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“Fheir transit trade on the Elbe was thus almost totally ruined. The little province of Osnaburg, whose principal occupation and subsistence lay in the manufacture and exportation of linen, which it sent to Spain and America, received a check from the stoppage of the regular navigation. The produce of this trade to the province, in which almost every peasant had his loom, was above a million of dollars yearly before the blockade. Though the navigation to Hamburgh was kept up in part by the way of Tonningen, and that to Bremen by the Jahde, yet the delays, losses, and charges arising from this circuitous mode of conveyance were very injurious to the merchant: not to insation that every article passing through Hanover was obliged to have a certificate to specify that it had notpaid English customs, which was another circumstance that enhanced the price of all commodities to the purchaser. Meantime England was carrying on an unmolested trade, by the river Ems, in Emden, Leer, Meppen, and other places. The French attempted, indeed, to molest the progress of English goods from Meppen to Frankfort, and other parts of Germany, and profited by the supposed arrival of some fire-arms on English account, to occupy the town with soldiers. The fire-arms were, of course, not discovered; but, for the forevention of such an importation, they thought proper to continue there till the king of Prussia, who was then not so complaisant to the French as he afterwards was, positively insisted on the perfect freedom of the Ems navigation, and on the evacuation of Meppen. The French generals who had the command in Hanover were men of as good character, and of as much humanity, as could be expected from persons in the service of Bonaparte. {They kept the strictest discipline in the army to prevent every irregularity, and softened the rigour of the commands they were obliged to issue as much as lay in their power.

Mortier being recalled at the end of five months, in consequence of his elevation to the rank of marshal, Dessolles supplied his place till the arrival of Bernadotte. Under the administration of the latter, the country was greatly relieved by the system of economy he introduced into the whole army. The maintenance of the generals in Hanover was reduced one half, by their being obliged to have their food from the royal kitchen, and that of the generals in the provinces one-third. The officers were enjoined, on their honour, to have their meals at their own expense, for which they received additional pay every month. The privates were, in like manner, restricted to their allowance, and not permitted to demand any thing but Vegetables...and the preparation of their food. He also kept a strict eye over the commissaries, and lowered their salaries. In all these regulations he appeared to be guided by a consideration for the people’s distress; and, in justice to his character, it ought to be stated, that he was friendly to, the poor, and performed many acts of charity from his own private purse. -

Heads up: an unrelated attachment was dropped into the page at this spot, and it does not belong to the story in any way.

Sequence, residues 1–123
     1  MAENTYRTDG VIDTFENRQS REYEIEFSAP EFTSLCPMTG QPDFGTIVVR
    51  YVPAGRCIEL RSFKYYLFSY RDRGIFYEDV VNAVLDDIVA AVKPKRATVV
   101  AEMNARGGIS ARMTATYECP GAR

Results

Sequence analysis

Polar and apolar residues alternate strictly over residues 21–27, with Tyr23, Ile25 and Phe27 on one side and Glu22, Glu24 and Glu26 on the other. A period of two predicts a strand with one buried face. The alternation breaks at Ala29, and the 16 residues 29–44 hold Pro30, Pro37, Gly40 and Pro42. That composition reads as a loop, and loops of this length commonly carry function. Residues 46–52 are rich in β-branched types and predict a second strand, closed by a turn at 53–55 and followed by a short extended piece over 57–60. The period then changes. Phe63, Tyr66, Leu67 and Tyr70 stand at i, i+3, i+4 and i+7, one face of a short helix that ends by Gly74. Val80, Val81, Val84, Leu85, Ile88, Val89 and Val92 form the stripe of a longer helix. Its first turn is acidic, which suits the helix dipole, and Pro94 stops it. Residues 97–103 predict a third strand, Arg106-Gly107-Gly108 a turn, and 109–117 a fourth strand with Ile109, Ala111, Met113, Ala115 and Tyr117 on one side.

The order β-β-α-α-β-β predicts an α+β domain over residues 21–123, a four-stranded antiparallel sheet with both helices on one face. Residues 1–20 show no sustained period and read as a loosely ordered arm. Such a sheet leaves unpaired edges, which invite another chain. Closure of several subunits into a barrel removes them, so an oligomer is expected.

For the Literary Magazine, guiacum.

MR. BRANDE has laid before the Royal Society of London some original experiments made on guiacum, from which he infers, that it is a substance very different from those which are denominated resins, and that it is also different from all those which are enumerated amongst balsams, gum-resins, gums, and extracts. Most probably, Mr. Brande says, it is a substance distinct in its nature from any of those above enumerated, in consequence of certain peculiarities in the proportions and chemical combination of its constituent elementary principles. At any rate he regards guiacum as composed of a resin modified by the vege

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table extractive principle, and, as such, it may be denominated an extracto resin without impropriety. Mr. Brande’llas, been led to these conclusions from observing the action of different solvents on guiacum, whence it appeared, that, although this substance possesses many properties in common with resinous bodies, it nevertheless differs from them in the following particulars: 1. By affording a portion of vegetable extract. 2. By the curious alterations which it undergoes when subjected to the action of bodies which readily communicate oxygen, suchas nitric and oxy-muriatic acids; and the rapidity with which it dissolves in the former. 3. By being converted into a more perfect resin; in which respect guiacum bears some resemblance to the fo. which constitutes the colouring matters of the leaves of trees. 4. By yielding oxalic acid. 5. By the quantity of charcoal and lime which are obtained from it when subjected to destructive distillation.